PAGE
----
Let’s assume that you and your friend believe in a company’s business and are thrilled to apply for its initial public offering (IPO). You apply for three lots, while your friend applies for one lot. On the day of allotment, your friend gets allotted one lot, but to your disappointment, you don’t get any.
In this article, we shall take a look at the number of lots that you should apply for, and the steps that you can take to increase your chances of getting maximum allocation in the retail category of an initial public offering (IPO). Keep reading to find out!
What is a lot in an IPO?
IPO application forms require investors to apply in lots. When companies launch their IPOs, they declare the minimum number of shares that investors can apply for. This minimum number is called a lot.
For example, investors can apply for 20 shares (1 lot) of the shares of ABC Company, or in multiples of 20. Two lots would be equal to 40 shares, three lots would be equal to 60 shares and so on.
How to get an IPO allotment?
A promising IPO is sure to excite you as an investor. But, not receiving an allotment can be disheartening. Here are a few ways to increase your chances of getting an IPO allotment:
- Bid at the cut-off price
Let’s say, the price band for an IPO is ₹754 to ₹759. If you bid at ₹756, and the discovered price is ₹757, then your application is rejected outright.
Cut-off price indicates that the investor is willing to pay whatever price the company decides after the book-building process. Once you submit the application at the cut-off price, it means that you are bidding for the highest price. The extra amount paid is reimbursed if the issue price is lower than the amount paid.
If an IPO is oversubscribed, a majority of the bids are made at the cut-off price. Therefore, if you quote a lower price, there is hardly any chance of IPO allocation.
- Make multiple applications
There is a high chance that you will get the IPO allotment if you have made multiple applications. For example, you could make an application with your demat account and encourage your family members to apply through their accounts, on your behalf.
There is a higher chance of getting an allotment if there are four applications for four lots, instead of one application for four lots. If the PAN numbers are unique they are treated as valid applications.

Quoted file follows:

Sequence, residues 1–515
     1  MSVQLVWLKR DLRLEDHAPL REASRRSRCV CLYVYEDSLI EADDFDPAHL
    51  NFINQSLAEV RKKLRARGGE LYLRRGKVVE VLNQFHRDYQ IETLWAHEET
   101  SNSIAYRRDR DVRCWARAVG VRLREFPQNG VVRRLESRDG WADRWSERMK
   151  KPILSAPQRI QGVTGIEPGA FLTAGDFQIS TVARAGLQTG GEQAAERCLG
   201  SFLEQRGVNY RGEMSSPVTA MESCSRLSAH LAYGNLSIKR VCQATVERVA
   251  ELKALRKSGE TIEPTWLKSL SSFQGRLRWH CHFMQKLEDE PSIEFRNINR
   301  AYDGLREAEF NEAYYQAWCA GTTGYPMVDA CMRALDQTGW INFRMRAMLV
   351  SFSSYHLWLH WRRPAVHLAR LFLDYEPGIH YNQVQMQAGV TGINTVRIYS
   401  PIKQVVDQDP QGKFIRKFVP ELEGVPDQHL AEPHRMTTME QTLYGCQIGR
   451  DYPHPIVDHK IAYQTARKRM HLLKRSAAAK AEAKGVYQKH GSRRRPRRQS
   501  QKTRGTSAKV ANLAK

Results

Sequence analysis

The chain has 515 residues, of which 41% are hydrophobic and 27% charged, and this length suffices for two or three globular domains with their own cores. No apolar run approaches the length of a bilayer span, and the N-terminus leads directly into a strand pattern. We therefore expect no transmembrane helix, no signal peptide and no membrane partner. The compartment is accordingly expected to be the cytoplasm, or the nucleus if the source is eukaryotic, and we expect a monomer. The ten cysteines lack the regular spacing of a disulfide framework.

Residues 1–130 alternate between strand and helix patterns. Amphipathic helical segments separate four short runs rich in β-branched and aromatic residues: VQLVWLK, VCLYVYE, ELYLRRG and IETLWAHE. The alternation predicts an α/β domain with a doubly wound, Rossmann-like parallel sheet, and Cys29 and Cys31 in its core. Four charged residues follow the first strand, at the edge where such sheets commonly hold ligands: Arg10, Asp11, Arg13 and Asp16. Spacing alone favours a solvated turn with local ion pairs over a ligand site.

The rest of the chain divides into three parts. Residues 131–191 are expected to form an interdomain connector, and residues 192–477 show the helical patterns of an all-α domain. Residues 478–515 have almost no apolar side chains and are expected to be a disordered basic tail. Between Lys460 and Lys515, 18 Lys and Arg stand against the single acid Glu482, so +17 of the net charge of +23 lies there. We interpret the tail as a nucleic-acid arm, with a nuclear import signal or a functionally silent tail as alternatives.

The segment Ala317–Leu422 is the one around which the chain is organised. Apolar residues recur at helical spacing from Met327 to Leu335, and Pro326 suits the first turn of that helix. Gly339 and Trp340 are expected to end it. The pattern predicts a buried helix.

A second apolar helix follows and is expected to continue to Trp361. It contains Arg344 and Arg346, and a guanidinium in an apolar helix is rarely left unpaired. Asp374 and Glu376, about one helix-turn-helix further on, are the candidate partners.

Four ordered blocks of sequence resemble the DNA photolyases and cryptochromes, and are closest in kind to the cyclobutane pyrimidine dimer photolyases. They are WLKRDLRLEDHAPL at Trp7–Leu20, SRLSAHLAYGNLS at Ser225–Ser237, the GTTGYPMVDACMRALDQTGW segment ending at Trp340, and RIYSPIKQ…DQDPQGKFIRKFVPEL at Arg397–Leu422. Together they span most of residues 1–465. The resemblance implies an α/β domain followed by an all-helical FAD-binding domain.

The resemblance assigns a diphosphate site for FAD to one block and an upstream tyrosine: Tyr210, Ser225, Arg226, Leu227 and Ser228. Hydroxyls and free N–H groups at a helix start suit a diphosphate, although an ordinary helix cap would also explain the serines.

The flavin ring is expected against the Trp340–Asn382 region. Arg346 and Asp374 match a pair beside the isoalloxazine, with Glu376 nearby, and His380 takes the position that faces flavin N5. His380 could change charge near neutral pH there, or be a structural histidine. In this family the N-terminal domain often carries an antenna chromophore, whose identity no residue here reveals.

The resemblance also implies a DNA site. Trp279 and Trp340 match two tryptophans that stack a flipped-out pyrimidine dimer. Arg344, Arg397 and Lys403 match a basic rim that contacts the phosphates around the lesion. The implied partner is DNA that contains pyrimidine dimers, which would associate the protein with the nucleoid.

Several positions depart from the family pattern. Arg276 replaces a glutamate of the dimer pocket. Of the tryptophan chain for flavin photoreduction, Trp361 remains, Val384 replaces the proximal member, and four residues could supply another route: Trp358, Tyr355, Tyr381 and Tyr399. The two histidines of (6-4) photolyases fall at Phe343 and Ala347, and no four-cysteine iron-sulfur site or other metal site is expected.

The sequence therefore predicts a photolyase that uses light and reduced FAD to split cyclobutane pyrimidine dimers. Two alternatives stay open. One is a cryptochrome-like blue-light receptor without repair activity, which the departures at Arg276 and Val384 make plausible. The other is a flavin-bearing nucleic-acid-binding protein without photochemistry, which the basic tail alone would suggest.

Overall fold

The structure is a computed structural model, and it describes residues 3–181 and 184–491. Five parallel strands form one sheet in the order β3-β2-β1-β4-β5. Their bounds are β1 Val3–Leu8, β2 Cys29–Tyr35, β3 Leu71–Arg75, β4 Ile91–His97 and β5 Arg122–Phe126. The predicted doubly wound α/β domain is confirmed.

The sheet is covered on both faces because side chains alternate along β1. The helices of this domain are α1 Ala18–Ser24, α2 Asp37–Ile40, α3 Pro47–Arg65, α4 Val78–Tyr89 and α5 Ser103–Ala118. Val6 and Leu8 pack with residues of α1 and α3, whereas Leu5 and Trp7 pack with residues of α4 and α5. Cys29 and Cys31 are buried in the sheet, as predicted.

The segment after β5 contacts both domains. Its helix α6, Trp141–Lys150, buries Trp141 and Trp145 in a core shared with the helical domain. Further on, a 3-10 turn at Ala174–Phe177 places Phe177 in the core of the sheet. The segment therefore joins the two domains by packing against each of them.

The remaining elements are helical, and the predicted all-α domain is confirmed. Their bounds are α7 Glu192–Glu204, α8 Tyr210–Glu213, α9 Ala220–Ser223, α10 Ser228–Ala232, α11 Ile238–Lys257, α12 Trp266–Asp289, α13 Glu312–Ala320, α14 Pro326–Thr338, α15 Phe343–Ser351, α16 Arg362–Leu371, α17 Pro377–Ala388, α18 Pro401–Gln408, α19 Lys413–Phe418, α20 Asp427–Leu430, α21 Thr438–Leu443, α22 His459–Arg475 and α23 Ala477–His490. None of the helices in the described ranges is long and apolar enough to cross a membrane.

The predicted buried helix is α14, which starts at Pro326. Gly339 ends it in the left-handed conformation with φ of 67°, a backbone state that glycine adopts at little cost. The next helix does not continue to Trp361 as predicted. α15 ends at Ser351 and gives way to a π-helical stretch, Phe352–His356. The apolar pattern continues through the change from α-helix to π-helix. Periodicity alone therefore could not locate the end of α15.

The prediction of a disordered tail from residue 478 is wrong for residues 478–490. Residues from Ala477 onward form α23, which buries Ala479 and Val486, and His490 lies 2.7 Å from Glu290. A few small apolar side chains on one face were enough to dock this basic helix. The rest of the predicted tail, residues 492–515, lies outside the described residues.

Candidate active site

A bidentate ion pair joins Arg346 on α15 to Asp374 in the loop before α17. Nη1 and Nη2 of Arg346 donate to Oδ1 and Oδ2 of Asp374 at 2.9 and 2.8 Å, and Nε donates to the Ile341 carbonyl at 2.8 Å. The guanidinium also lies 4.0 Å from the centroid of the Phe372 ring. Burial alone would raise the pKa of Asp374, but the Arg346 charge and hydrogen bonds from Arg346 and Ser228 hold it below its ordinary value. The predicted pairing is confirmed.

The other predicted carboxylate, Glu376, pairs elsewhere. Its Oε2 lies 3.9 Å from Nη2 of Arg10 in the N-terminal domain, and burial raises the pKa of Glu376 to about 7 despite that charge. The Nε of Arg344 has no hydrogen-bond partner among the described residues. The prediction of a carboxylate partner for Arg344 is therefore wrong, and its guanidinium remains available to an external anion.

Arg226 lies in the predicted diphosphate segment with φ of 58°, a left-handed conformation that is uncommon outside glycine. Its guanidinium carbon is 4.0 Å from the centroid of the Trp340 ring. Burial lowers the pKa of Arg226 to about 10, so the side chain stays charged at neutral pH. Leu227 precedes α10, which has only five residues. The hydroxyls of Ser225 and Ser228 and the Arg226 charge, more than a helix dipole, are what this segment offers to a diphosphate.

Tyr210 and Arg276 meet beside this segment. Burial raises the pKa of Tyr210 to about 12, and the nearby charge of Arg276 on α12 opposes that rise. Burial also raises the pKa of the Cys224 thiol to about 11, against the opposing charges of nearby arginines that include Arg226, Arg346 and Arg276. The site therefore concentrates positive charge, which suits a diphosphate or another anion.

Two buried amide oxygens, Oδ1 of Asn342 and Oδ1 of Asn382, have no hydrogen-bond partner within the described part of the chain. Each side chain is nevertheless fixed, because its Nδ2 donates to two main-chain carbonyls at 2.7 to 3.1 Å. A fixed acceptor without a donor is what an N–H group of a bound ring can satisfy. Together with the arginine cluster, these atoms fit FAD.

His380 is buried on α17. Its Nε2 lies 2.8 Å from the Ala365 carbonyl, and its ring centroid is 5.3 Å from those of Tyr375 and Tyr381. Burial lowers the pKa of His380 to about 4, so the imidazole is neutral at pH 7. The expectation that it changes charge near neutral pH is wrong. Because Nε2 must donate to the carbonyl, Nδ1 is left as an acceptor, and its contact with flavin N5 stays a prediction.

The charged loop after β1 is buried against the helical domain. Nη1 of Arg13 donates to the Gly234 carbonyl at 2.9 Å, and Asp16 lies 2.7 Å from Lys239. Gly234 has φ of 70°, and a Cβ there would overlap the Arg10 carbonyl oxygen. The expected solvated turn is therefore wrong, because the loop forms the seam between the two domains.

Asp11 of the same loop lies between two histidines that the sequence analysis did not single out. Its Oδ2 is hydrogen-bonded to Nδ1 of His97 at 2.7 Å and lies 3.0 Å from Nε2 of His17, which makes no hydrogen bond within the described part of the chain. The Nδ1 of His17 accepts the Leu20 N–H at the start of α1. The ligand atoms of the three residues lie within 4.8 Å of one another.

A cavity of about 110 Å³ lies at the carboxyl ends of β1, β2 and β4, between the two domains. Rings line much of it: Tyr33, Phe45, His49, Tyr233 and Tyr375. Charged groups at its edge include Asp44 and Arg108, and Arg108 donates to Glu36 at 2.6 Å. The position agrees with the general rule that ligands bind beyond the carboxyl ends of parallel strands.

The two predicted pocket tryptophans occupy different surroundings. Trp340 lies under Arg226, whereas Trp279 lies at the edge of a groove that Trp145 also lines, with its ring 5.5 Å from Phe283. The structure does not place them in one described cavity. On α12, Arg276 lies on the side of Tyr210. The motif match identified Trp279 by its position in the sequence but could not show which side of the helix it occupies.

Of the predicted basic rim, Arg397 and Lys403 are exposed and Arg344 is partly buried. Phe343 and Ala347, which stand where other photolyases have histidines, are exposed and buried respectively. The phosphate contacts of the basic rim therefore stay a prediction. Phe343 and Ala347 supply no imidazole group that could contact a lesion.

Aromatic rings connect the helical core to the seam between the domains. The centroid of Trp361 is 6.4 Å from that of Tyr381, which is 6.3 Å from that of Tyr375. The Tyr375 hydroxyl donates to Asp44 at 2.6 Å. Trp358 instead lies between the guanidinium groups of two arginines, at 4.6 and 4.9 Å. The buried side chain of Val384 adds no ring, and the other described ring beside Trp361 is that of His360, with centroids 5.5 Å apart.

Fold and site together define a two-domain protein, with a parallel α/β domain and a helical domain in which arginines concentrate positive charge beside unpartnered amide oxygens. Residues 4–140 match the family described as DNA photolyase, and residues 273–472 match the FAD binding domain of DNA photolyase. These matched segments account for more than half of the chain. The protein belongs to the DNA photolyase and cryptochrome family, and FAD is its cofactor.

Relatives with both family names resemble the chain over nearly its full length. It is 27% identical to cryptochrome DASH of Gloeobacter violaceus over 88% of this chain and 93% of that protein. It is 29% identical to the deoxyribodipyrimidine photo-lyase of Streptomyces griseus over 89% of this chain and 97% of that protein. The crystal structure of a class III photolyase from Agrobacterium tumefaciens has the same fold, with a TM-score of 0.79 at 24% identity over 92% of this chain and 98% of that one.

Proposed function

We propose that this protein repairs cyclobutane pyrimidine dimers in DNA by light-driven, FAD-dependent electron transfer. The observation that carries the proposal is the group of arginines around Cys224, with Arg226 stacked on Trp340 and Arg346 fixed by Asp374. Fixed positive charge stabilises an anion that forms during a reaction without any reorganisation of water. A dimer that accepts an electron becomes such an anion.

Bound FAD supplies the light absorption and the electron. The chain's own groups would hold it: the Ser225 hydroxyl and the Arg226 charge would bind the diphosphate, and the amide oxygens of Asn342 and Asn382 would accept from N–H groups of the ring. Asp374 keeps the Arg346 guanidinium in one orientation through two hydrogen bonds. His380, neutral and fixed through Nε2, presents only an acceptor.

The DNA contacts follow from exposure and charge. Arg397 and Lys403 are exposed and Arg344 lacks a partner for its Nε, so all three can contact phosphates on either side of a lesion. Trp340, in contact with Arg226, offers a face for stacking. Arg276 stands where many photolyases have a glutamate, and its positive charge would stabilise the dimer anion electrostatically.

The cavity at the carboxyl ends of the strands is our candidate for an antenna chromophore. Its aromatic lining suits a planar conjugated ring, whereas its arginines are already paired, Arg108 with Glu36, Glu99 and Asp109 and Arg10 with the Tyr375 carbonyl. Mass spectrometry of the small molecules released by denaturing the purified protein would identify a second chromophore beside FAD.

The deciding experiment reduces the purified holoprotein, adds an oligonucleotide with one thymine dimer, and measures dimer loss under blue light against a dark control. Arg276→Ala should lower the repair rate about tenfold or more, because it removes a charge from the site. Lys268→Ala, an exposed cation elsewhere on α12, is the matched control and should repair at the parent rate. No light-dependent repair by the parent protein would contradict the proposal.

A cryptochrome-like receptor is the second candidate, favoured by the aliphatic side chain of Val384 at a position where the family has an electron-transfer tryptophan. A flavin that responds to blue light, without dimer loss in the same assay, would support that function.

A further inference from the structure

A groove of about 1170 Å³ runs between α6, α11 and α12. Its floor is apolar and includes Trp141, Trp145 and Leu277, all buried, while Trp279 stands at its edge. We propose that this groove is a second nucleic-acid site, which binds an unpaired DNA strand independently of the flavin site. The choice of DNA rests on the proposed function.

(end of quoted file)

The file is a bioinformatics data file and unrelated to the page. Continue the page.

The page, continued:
- Do not apply using more than one demat account
While making multiple applications increases the probability of you getting the allotment, it does not help if the demat accounts are connected to the same PAN. In an IPO one can make only one application per PAN.
Making applications through multiple accounts that are linked to the same PAN are treated as invalid applications and all of them are rejected.
- Avoid Large Applications
The allotment procedure of the Securities and Exchange Board of India (SEBI) treats all retail applicants (those who invest less than ₹ 2,00,000) equally. Even if you submit applications for multiple lots that sum up to, let’s say ₹1,00,000, you may not receive the allotment.
Normally, the retail portion of an IPO is about 35%. In some cases, SEBI permits companies to reserve just 10% of the quota for retail investors and the rest for larger investors.
In the case of oversubscription, the minimum lot size must be allotted to as many shareholders as possible. For example, if there are 50 lakh shares on offer, and the lot size is 25 shares, the maximum allotment possible is for 2 lakh lots, i.e., 50 lakh/25. If there are 3 lakh applicants, then a maximum of 2 lakh investors are selected by a draw of lots.
- See if you can buy the shares of the parent company
If the parent company of the company launching its IPO is listed on the bourses, you can buy the shares of the listed company to increase your chances of allotment. Once you are a shareholder of the parent company, you can apply in the shareholder category rather than the retail category.
For example, Tata Technologies announced that eligible shareholders of Tata Motors, its parent company, will get a reservation of up to 10 per cent of the post-offer paid-up equity share capital of the company.
- Avoid rushing at the last minute
Waiting until the last moment to fill up your IPO application can lead to errors. This may be a typographical error or simple oversight, but this might lead to a loss of opportunity.
To add to it, your bank’s internet banking may be unavailable temporarily. Therefore you may not be able to apply for the IPO at all.
None of the points mentioned above guarantee that you will get the allotment of the lots that you have applied for. However, they increase the chances of getting the allotment.
In a nutshell, you could apply from multiple accounts connected to unique PAN numbers, like those of family members; apply at the cut-off price, fill up the details on the IPO form correctly, and see if you can buy the shares of the parent company to increase the chances of getting IPO allotment.